Tag Archives: Little Bee


When I woke up this morning I noticed the scars under my left eye – several small pink slivers running in parallel lines.  Sometimes they look more apparent when I first awaken, when my skin is paler from sleep and under the harsh lights of the bathroom mirror.  They seem to fade as they day unravels or sometimes I don’t even notice them at all.

These scars are some of my numerous collection, some from mishaps in my childhood – falling off my bike, scuffles with my siblings, nicking a razor against my knee – and others earned later in life.  Come to think of it the scars in my adulthood are from similar fates – many of them bike related – an errant tree branch as I tear long the trail, an unfriendly chain cog grabbing my shin, gravel embedding itself in my elbow as I slide along the path after losing control.

The "scar" of this path on the landscape reminds me of the one on my right arm.

The “scar” of this path on the landscape reminds me of the one on my right arm.

I realize these scars are gained from doing.  If I wasn’t so adventurous, then I wouldn’t have many of them.  There is a tradeoff, an opportunity cost – by putting oneself in a situation to get hurt, that might just happen – you get hurt.  I think there are likely more injuries and scars in Park City, where I live, than other parts of the world.  But that is because people are out there, testing themselves, defying gravity, pushing the limits – skiing, biking, hiking, sailing – doing.  Would you want to pick the alternative and limit your adventures to stay scar free?

Scars may be physical signs of imperfection, but I think they can be beautiful.  They tell a story, they become part of you.  I remember reading in the book Little Bee, by Chris Cleave “…I ask you right here please to agree with me that a scar is never ugly. That is what the scar makers want us to think. But you and I, we must make an agreement to defy them. We must see all scars as beauty. Okay? This will be our secret. Because take it from me, a scar does not form on the dying. A scar means, I survived.”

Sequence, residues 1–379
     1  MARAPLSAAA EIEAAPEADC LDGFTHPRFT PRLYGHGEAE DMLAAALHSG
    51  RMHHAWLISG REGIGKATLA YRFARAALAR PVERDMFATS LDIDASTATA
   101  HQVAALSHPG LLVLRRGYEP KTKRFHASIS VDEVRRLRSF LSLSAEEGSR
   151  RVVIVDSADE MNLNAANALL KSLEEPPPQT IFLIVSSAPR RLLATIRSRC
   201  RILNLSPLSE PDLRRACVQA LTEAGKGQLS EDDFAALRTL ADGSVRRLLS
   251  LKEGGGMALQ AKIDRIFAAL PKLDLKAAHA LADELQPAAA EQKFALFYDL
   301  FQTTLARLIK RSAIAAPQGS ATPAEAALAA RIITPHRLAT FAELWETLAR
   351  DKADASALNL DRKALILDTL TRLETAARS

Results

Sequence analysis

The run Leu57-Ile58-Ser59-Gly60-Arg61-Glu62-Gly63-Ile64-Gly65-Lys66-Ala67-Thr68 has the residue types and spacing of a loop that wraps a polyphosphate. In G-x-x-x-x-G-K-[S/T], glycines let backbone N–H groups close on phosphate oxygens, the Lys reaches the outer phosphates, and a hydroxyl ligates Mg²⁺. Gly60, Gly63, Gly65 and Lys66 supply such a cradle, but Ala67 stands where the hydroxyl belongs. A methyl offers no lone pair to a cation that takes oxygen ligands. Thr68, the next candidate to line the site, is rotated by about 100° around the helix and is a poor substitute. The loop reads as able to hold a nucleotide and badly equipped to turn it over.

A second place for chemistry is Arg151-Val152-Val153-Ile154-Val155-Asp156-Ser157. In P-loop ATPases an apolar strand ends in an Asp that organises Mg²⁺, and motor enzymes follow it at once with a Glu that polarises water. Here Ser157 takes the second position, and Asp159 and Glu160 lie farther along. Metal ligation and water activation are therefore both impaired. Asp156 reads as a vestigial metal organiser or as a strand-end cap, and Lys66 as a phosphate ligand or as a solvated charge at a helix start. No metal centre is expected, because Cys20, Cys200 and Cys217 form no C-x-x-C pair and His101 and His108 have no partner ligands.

I think this is powerful.  In the book there were instances of scars being inflicted by others.  Whether inflicted, accidental, or self-inflicted, and physical or emotional, I think it still stands true – a scar means you’ve been through something and come out the other side.  A scar is survival and strength.  My friends have a variety of scars, some of which I have heard the stories about, and others not, some are from playing – swimming pools, golf clubs – and others from things such as the removal of suspicious looking moles.  All the scars distinctive and beautiful, like each of us.  I’m learning to love my scars and the skin I am.  They are part of who I am.  They tell my story and make me uniquely me.